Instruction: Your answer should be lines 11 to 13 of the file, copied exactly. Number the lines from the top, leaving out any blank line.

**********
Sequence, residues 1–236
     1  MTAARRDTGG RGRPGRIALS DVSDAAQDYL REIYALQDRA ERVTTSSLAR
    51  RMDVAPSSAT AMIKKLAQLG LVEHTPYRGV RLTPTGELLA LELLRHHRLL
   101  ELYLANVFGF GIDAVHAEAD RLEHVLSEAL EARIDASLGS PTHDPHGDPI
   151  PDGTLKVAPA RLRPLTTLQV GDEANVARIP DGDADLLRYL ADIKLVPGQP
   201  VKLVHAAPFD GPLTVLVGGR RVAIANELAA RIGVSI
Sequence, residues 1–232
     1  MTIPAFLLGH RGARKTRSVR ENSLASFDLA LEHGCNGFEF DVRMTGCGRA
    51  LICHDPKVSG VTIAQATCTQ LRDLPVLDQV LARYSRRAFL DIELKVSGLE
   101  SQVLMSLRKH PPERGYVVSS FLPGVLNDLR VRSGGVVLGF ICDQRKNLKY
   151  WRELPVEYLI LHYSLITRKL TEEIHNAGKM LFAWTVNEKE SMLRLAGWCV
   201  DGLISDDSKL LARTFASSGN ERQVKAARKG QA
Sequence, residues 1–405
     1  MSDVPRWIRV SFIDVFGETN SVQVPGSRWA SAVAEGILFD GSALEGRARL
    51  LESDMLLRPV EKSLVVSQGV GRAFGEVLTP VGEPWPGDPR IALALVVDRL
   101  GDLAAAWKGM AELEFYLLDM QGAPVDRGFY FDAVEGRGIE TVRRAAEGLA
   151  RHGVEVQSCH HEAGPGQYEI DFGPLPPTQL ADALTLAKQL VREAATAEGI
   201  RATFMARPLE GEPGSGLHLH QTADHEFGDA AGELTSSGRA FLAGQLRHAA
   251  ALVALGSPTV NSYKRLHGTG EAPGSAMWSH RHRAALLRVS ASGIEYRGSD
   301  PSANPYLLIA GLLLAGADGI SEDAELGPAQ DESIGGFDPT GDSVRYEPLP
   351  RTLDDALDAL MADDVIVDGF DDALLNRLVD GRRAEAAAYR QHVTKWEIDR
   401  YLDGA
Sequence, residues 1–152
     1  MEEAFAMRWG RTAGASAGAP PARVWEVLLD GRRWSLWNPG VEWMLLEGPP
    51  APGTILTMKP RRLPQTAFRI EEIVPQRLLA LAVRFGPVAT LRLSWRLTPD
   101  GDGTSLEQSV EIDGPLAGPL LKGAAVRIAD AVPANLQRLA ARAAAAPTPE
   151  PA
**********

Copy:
   151  WRELPVEYLI LHYSLITRKL TEEIHNAGKM LFAWTVNEKE SMLRLAGWCV
   201  DGLISDDSKL LARTFASSGN ERQVKAARKG QA
Sequence, residues 1–405